petitioners incarcerated in the Central Prison, Vadodara, who were suffering from serious illnesses, were denied sufficient and prompt medical care due to a lack of jail escorts necessary to transport them to the hospital, and that the court held negligent officers personally accountable. The Gujarat High Court granted directives to the state government in 2005 in a suo moto writ suit to guarantee that all Central and District prisons were equipped with an ICCU, pathology lab, expert physicians, sufficient staff including nurses, and the most up-to-date medical treatment devices. In Sanjay V. State (CRL.A.600 of 2000), the Delhi High Court ordered the Tihar Jail administration to offer meditational therapy and counselling to convicts.

Landmark case of Parmanand Katara Vs Union of India (1989 AIR 2039)

the Supreme Court held that the state has a duty to maintain life regardless of whether the individual is innocent or guilty of a crime, setting a strong precedent for prisoners’ rights in India, particularly the fundamental right to health guaranteed by Article 21 of the Indian Constitution.

“Our legal system, especially in severe instances, suffers from slow-motion syndrome, which is fatal to ‘fair trial’ whatever the end outcome,” Justice Krishna Iyer said while dealing with the bail petition in Babu Singh v. State of UP. He also added that speedy justice is a component of social justice since the community as a whole care about the criminal being treated with dignity and eventually punished in a fair amount of time, and the innocent being spared from the suffering of criminal or civil processes.

The Hon’ble Supreme Court expressed its concerned and said that: What faith can these lost souls have in the judicial system which denies them a bare trial for so many years and keeps them behind the bars not because they are guilty; but because they are too poor to afford bail and the courts have no time to try them. One reason why our legal and judicial system continually denies justice to the poor by keeping them for long years in pretrial detention is our highly unsatisfactory bail system. This system of bail operates very harshly against the poor and it is only the non-poor who are able to take advantage of it by getting themselves released on bail. The poor find it difficult to furnish bail even without sureties because very often the amount of bail fixed by the courts is so unrealistically excessive that in a majority of cases the poor are unable to satisfy the police or the magistrate about their solvency for the amount of the bail and where the bail is with sureties as is usually the case, it becomes an almost impossible task for the poor to find persons sufficiently solvent to stand as sureties.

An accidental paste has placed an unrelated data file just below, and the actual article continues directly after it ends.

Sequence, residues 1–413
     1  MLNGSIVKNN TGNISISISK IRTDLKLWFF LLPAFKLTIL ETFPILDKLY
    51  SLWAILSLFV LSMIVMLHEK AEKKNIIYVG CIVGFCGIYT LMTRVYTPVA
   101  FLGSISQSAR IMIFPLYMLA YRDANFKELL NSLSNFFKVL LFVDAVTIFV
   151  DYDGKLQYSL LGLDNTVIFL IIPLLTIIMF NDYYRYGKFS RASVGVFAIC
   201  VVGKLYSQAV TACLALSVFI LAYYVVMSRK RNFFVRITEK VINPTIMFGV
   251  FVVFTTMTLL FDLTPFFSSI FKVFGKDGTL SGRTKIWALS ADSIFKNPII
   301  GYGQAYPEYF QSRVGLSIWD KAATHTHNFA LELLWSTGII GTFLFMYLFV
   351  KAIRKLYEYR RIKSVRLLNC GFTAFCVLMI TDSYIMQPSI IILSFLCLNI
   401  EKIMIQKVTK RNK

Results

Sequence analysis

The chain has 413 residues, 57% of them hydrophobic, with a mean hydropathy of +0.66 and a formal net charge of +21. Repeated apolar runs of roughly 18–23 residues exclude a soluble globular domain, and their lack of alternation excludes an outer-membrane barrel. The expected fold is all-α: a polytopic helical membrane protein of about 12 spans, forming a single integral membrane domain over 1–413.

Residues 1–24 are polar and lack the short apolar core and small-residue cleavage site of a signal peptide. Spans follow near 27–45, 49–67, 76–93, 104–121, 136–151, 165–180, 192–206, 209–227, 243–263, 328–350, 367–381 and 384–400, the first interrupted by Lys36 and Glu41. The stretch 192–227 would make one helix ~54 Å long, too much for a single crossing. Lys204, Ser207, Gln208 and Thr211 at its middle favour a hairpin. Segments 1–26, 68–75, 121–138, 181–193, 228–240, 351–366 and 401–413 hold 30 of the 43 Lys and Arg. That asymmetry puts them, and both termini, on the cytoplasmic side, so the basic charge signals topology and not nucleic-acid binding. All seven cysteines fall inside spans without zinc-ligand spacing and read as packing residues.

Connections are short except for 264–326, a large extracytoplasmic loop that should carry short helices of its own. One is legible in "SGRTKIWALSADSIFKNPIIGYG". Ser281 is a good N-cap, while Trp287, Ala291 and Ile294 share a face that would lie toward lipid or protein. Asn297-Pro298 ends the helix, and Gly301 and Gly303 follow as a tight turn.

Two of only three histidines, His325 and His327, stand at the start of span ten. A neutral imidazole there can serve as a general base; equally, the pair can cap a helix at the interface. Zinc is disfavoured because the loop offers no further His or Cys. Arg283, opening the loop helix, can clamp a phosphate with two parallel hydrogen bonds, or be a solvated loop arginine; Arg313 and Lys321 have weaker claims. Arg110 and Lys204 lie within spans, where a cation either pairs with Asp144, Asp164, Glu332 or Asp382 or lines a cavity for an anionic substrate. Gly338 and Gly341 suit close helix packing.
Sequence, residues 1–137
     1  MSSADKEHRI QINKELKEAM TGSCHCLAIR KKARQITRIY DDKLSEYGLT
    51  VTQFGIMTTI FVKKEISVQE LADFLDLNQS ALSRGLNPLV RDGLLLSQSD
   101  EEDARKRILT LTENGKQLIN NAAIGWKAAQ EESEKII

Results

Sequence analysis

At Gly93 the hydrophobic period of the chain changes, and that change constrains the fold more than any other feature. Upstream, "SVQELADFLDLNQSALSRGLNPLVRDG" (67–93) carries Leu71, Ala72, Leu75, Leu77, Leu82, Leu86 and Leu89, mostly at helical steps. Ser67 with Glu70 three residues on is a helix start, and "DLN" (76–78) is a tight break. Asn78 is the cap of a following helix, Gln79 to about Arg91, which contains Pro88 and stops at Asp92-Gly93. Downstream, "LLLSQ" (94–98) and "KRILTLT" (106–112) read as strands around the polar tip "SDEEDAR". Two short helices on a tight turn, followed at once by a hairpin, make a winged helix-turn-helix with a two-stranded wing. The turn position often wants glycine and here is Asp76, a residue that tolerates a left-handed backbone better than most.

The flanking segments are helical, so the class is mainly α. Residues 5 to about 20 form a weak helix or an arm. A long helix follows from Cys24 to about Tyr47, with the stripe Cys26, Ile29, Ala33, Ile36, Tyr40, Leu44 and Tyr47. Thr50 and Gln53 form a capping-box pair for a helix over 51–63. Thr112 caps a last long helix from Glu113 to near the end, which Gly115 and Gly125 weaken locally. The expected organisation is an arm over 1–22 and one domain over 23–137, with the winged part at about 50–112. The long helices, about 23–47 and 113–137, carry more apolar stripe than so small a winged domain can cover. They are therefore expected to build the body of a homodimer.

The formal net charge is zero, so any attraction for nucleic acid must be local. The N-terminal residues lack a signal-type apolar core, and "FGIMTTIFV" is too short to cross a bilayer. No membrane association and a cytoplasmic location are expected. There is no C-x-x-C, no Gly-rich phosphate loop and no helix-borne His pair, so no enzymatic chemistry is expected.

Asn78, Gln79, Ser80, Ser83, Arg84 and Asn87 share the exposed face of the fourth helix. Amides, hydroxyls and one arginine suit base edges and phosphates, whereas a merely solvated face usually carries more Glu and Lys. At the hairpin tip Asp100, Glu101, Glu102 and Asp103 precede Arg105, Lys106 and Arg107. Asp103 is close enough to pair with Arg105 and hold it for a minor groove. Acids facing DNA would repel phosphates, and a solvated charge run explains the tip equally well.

Mental health and suicide

Another significant public health concern that plagues prisoners frequently is mental illness. Identification and treatment of people with mental health disorders are crucial for the sake of justice and to guarantee the protection of fundamental human rights, which are a fundamental tenet of the Indian constitution and society. According to studies conducted worldwide, the prevalence of mental diseases in jails is three times higher than it is in the general population.

Under section 27 of the Mental Health Act of 1978 (hereafter referred to as the “MHA”), a person who has been ordered to be held in or removed from a psychiatric hospital, psychiatric nursing home, prison, or any other place of secure custody is referred to as a mentally ill prisoner.

Up to 8% of suicide deaths in Indian prisons have been calculated. A 2008 study found that 11 percent of prison deaths were due to suicide. Police brutality and torture allegations regularly follow unnatural deaths in detention, especially suicides.